2. Our enemy is dangerous but defeated. 

The devil has many “schemes” (v. 11; cf. 2 Cor. 11:14; James 1:14-15). “Evil rarely looks evil until it accomplishes its goal; it gains entrance by appearing attractive, desirable, and perfectly legitimate. It is a baited and camouflaged trap” (Kylne Snodgrass, Ephesians, p. 339). Peter writes, “Be sober-minded; be watchful. Your adversary the devil prowls around like a roaring lion, seeking someone to devour” (1 Peter 5:8). Two of the devil’s favorite areas of attack are marriages and church unity.

We should be careful to not fall for the devil’s traps, but we don’t need to fear him. He is a defeated enemy. His defeat is sure because of the death and resurrection of Jesus (cf. Eph. 1:20-21).


Stand Firm! 

Paul emphasizes the word “stand.” It occurs three times in this passage (vv. 11, 13, 14). How can we stand against the enemy’s attacks and not fall to temptation? There are two keys to victory.

1. Resist the enemy with the word of God. 

In verse 13, the Greek word for “withstand” (anthistemi) can also be translated “resist” or “oppose.” When Jesus was tempted by the devil (Matt. 4:1-11), he resisted the enemy by quoting Scripture (Matt. 4:4, 7, 10). After resisting the devil three times, the enemy “left him” (Matt. 4:11). James tell us, “Resist the devil, and he will flee from you” (James 4:7; cf. 1 Peter 5:9). If we don’t know what God’s word says, we won’t be able to effectively resist the enemy (cf. Eph. 4:14).

2. Always be alert and pray. 

We must not be complacent. We need to be “praying at all times in the Spirit, with all prayer and supplication. To that end keep alert with all perseverance, making supplication for all the saints” (v. 18). Jesus told his disciples, “Watch and pray that you may not enter into temptation” (Matt. 26:41). It’s sometimes said that God’s word is our only spiritual weapon, but prayer is also to be used as a weapon in our spiritual battles. Prayer demonstrates our dependency on God and releases the power of God.

We must not only pray for ourselves but also for one another. Paul asked his readers to pray for him (vv. 19-20). (Notice that Paul’s prayer request was that he would proclaim the gospel boldly, not be released from his “chains.”)


Don't Neglect Bible Study and Prayer 

Imagine a solider going into battle without his gun. That’s like a Christian going through life without knowing the Bible. Imagine a solider being surrounded by the enemy and not radioing for help. That’s like a Christian not spending time in prayer. If we are to have victory against the enemy, we must not neglect Bible study and prayer.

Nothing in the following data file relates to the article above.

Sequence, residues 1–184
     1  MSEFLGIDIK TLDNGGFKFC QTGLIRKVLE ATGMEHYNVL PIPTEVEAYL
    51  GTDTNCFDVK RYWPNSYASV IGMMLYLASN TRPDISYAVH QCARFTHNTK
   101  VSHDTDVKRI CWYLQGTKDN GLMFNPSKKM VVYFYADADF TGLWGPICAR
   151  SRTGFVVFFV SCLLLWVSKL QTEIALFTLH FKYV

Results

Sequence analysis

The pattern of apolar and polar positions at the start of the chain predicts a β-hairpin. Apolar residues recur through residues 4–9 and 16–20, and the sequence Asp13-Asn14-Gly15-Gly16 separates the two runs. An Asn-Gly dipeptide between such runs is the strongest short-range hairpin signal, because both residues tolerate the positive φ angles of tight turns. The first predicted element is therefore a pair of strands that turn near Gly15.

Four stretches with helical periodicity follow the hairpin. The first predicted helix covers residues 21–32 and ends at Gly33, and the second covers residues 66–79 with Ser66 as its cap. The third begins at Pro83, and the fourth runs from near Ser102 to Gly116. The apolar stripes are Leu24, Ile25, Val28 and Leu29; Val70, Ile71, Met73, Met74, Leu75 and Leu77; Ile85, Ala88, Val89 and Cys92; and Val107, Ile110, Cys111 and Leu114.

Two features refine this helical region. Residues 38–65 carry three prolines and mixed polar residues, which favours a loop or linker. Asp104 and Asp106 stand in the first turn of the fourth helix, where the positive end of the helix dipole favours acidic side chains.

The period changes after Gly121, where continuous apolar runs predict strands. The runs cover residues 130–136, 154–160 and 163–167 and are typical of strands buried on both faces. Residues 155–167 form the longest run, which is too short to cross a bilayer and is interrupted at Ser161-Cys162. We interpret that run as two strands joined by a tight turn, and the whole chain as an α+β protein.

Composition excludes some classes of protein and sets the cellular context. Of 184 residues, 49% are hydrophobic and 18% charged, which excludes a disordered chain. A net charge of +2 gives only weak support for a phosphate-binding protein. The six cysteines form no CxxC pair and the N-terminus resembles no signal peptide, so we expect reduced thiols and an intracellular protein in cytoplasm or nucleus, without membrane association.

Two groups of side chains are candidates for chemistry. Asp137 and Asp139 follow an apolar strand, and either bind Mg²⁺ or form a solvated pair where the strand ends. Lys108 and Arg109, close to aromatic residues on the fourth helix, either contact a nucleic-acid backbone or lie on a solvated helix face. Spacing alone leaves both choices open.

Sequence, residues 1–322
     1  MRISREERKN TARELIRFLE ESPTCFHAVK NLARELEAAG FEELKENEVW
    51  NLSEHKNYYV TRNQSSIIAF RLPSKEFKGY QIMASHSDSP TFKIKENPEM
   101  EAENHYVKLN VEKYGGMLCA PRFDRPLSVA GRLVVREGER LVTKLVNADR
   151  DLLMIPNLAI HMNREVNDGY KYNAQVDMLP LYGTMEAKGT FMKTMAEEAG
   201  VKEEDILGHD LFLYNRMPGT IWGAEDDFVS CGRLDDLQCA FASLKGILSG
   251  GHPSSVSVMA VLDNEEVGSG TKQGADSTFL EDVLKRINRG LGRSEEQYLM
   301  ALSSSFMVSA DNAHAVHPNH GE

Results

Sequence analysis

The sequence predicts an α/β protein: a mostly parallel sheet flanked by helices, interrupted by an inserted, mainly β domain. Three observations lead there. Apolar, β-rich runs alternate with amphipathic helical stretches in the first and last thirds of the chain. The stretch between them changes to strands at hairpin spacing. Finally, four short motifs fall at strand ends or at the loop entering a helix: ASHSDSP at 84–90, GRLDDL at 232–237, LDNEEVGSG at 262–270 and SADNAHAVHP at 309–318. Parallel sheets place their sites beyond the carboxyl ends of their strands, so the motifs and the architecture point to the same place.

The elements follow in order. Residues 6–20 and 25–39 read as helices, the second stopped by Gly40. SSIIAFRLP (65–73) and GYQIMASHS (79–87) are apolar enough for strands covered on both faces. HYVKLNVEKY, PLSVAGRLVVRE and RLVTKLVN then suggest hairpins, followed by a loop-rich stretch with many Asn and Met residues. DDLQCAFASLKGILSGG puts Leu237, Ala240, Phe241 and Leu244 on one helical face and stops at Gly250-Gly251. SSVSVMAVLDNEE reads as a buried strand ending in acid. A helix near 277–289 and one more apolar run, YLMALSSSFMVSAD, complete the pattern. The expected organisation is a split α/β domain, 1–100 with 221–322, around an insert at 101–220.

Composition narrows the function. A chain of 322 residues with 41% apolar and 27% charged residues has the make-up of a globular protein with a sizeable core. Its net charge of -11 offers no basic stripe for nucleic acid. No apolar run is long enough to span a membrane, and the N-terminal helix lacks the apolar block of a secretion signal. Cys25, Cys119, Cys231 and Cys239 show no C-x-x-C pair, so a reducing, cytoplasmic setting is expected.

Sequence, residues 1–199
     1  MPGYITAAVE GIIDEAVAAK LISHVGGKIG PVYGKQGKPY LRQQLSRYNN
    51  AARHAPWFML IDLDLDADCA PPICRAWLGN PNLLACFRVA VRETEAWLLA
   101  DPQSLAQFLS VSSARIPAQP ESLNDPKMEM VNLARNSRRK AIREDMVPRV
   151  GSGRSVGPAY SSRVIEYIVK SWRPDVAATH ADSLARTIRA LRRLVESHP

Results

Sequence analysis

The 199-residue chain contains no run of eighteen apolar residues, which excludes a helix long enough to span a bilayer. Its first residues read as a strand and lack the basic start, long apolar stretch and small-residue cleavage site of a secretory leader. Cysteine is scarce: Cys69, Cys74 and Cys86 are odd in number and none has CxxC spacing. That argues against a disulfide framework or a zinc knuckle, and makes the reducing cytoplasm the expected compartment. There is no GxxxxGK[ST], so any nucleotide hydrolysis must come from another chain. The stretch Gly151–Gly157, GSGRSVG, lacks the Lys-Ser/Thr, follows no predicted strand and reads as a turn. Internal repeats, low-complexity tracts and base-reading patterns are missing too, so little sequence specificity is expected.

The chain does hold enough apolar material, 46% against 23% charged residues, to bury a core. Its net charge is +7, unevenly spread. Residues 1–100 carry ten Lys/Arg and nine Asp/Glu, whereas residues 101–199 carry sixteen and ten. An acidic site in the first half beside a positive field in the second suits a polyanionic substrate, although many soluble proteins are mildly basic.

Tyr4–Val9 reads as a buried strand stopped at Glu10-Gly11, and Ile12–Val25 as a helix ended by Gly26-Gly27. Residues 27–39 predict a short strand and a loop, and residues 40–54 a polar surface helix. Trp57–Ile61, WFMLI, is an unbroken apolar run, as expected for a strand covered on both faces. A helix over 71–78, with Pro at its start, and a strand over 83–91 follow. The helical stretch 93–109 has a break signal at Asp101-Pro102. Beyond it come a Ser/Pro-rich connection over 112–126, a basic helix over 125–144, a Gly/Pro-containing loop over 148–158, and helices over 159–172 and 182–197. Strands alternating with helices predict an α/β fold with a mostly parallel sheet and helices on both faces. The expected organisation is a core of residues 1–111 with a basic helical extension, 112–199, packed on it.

Tuesday, April 2, 2013

Jesus Is the Resurrection and the Life

You can listen to this sermon here.



Now when Jesus came, he found that Lazarus had already been in the tomb four days. Bethany was near Jerusalem, about two miles off, and many of the Jews had come to Martha and Mary to console them concerning their brother. So when Martha heard that Jesus was coming, she went and met him, but Mary remained seated in the house. Martha said to Jesus, “Lord, if you had been here, my brother would not have died. But even now I know that whatever you ask from God, God will give you.” Jesus said to her, “Your brother will rise again.” Martha said to him, “I know that he will rise again in the resurrection on the last day.” Jesus said to her, “I am the resurrection and the life. Whoever believes in me, though he die, yet shall he live, and everyone who lives and believes in me shall never die. Do you believe this?” She said to him, “Yes, Lord; I believe that you are the Christ, the Son of God, who is coming into the world” (vv. 17-27). 


Living in a Fallen World 

In the Gospel of John, John records seven of Jesus’ miracles. He calls these miracles “signs” because they showed that Jesus is the Christ (i.e., the Messiah). Near the end of his gospel, John writes, “Jesus did many other signs in the presence of the disciples, which are not written in this book; but these are written so that you may believe that Jesus is the Christ, the Son of God, and that by believing you may have life in his name” (20:30-31). The raising of Lazarus is the final and ultimate sign that Jesus is the Christ.

Jesus loved his friends Martha, Mary, and Lazarus (vv. 3, 5, 36), yet Lazarus died. Verses 5 and 6 seem to be contradictory: “Now Jesus loved Martha and her sister and Lazarus. So, when he heard that Lazarus was ill, he stayed two days longer in the place where he was” (vv. 5-6). Why didn’t Jesus immediately travel to Bethany to heal Lazarus? When Jesus finally arrived in Bethany, both Martha and Mary said to Jesus, “Lord, if you had been here, my brother would not have died” (vv. 21, 32).

Being loved by Jesus does not eliminate sorrow from our lives. 

However, every difficult circumstance gives us an opportunity to glorify God. When Jesus heard that Lazarus was ill, he said, “This illness does not lead to death. It is for the glory of God, so that the Son of God may be glorified through it” (v. 4).


The Resurrection and the Life